Three persons, including a police officer, were killed in a six-hour siege on a Colorado Planned Parenthood Federation’s facility on Friday.
- Police confirmed two civilians and one officer were killed
- The slain officer went “in support of an officer under fire,” from the University of Colorado, 10 miles away
- The motive of the perpetrator is not yet known
- At least three Planned Parenthood buildings have been vandalized since September
Three people were killed after a gunman opened fire at a Colorado Planned Parenthood clinic in a six-hour standoff on Friday.
Two civilians and a police officer died, Colorado Springs police said.
The slain officer, who officials have not named, worked for the University of Colorado in Colorado Springs and was on campus about 10 miles away when the shooting broke out. He went to the scene “in support of an officer under fire,” the school’s chancellor said in a statement.
Police captured the suspected gunman late Friday afternoon.
“The perpetrator is in custody. The situation has been resolved. There’s no continuing peril to the citizens of Colorado Springs,” Mayor John Suthers told reporters. “But there’s a huge crime scene that has to be processed.”
The mayor described the shooting as a “terrible tragedy,” but said it could have been far worse if police hadn’t helped many inside the building to safety.
Four civilians and five police officers were taken to hospitals. The injured victims were in good condition Friday night, police Lt. Catherine Buckley said.
“The officers, they’re obviously in some pain, but thankfully they’re alive and talking to us, and they’re heroes … The courage they displayed today saved many, many lives – no doubt,” Fire Chief Christopher Riley said.
Investigators worked on Friday night to clear the building and determine whether any of the items the gunman brought with him to the building are explosives, Buckley said.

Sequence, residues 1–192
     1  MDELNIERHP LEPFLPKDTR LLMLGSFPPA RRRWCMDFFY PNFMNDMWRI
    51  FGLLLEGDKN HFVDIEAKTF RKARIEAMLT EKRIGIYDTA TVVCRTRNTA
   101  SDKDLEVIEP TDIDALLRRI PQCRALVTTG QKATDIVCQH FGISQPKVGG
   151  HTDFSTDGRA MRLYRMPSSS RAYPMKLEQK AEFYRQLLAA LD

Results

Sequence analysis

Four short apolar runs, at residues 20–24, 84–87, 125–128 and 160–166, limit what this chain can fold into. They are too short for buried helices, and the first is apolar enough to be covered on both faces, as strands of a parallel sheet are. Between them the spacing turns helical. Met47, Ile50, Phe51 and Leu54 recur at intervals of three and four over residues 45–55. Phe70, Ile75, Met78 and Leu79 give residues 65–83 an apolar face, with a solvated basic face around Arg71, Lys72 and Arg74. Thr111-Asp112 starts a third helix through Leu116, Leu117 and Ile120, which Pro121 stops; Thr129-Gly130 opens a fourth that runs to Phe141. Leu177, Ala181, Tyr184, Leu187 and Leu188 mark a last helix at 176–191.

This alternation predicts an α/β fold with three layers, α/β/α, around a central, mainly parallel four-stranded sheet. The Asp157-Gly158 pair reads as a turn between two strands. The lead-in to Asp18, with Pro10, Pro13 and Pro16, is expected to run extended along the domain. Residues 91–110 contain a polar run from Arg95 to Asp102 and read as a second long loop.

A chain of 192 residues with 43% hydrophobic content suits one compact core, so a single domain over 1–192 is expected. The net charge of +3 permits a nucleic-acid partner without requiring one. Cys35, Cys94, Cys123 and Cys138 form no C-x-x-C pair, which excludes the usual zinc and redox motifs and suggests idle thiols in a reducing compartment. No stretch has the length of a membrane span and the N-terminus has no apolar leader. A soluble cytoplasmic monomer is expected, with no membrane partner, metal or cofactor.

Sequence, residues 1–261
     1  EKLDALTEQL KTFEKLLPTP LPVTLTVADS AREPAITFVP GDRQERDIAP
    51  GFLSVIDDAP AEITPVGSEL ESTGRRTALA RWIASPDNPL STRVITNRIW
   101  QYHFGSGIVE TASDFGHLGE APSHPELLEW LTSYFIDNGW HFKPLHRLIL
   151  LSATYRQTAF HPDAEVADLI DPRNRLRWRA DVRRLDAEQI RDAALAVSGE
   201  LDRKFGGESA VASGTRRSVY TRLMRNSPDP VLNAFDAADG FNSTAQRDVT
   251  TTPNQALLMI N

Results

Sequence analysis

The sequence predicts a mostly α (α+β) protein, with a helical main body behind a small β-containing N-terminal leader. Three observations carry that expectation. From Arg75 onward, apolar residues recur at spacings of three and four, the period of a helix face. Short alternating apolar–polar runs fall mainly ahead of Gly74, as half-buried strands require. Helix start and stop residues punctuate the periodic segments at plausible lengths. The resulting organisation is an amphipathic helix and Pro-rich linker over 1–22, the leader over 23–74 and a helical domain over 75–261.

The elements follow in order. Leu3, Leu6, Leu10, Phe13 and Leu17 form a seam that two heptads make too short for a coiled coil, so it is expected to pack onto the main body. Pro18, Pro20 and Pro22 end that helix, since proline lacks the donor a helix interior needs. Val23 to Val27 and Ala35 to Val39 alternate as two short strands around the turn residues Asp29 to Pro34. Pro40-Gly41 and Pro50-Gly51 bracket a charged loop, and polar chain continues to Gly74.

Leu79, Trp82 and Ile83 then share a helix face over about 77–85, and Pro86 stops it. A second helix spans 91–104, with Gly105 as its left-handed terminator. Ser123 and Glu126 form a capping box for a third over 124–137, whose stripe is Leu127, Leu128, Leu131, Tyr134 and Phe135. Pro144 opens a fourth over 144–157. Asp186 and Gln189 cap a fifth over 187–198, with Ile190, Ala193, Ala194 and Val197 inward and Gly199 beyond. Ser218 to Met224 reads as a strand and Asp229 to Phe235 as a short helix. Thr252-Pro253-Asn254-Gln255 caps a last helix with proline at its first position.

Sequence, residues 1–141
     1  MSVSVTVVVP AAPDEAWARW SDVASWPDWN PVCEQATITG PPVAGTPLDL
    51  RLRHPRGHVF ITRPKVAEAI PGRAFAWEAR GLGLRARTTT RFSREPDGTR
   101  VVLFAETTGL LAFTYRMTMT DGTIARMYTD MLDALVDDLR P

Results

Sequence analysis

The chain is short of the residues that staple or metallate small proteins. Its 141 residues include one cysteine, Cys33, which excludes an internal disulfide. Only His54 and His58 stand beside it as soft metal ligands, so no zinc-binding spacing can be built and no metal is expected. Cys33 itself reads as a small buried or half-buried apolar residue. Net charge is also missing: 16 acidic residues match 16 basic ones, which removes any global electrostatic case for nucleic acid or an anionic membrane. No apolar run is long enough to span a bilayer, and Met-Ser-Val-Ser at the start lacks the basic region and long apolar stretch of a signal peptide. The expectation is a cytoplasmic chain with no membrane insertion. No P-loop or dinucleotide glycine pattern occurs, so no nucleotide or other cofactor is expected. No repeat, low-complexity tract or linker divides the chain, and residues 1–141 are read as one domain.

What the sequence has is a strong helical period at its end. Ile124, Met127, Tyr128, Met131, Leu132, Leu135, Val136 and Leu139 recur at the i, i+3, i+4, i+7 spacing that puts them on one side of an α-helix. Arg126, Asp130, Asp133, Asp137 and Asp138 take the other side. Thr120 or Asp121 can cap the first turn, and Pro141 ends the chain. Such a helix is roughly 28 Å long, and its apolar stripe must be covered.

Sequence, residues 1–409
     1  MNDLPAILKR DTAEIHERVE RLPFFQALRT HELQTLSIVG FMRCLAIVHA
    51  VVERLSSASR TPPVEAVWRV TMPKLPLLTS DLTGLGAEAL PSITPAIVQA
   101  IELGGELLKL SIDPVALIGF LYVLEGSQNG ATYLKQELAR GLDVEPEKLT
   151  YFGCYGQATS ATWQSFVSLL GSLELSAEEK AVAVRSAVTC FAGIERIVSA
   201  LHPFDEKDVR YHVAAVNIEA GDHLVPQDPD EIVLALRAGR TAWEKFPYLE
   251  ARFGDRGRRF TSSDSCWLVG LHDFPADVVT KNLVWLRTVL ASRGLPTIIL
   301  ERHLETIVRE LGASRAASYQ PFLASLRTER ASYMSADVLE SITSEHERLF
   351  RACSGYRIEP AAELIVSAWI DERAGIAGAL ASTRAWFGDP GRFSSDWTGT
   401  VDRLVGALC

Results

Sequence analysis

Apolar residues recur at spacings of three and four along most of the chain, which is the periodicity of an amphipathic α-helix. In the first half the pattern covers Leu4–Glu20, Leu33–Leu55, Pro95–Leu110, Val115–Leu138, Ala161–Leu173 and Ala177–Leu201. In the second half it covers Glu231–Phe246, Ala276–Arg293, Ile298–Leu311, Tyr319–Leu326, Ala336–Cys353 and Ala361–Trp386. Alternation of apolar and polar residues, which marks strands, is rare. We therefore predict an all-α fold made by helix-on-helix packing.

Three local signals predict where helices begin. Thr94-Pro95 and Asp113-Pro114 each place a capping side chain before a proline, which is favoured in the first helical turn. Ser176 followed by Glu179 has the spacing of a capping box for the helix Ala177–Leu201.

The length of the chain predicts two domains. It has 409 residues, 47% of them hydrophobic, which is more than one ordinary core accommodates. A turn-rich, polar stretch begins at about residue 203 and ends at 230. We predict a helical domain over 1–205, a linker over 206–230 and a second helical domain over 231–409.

Bomb technicians were investigating what’s believed to be the suspect’s vehicle, a law enforcement official said.
The announcement of the suspect’s arrest came nearly six hours after someone first called 911 around 11:30 a.m. (1:30 p.m. ET) and reported a shooter was inside the Planned Parenthood building, which is near a shopping center and numerous offices.
For hours, police reported shootouts with the gunman, warning people to stay inside nearby businesses and seek shelter.
It was not immediately clear whether Planned Parenthood was the target of the shooting. Officials said the suspect had not been identified and it was too soon to speculate on a reason for the attack.
One Planned Parenthood official said the motive behind the attack was unknown, but pointed to what she called a “poisonous environment that feeds domestic terrorism” as a possible cause.
“We don’t yet know the full circumstances and motives behind this criminal action, and we don’t yet know if Planned Parenthood was in fact the target of this attack,” Vicki Cowart, president and CEO of Planned Parenthood of the Rocky Mountains, said in a written statement. “We share the concerns of many Americans that extremists are creating a poisonous environment that feeds domestic terrorism in this country. We will never back away from providing care in a safe, supportive environment that millions of people rely on and trust.”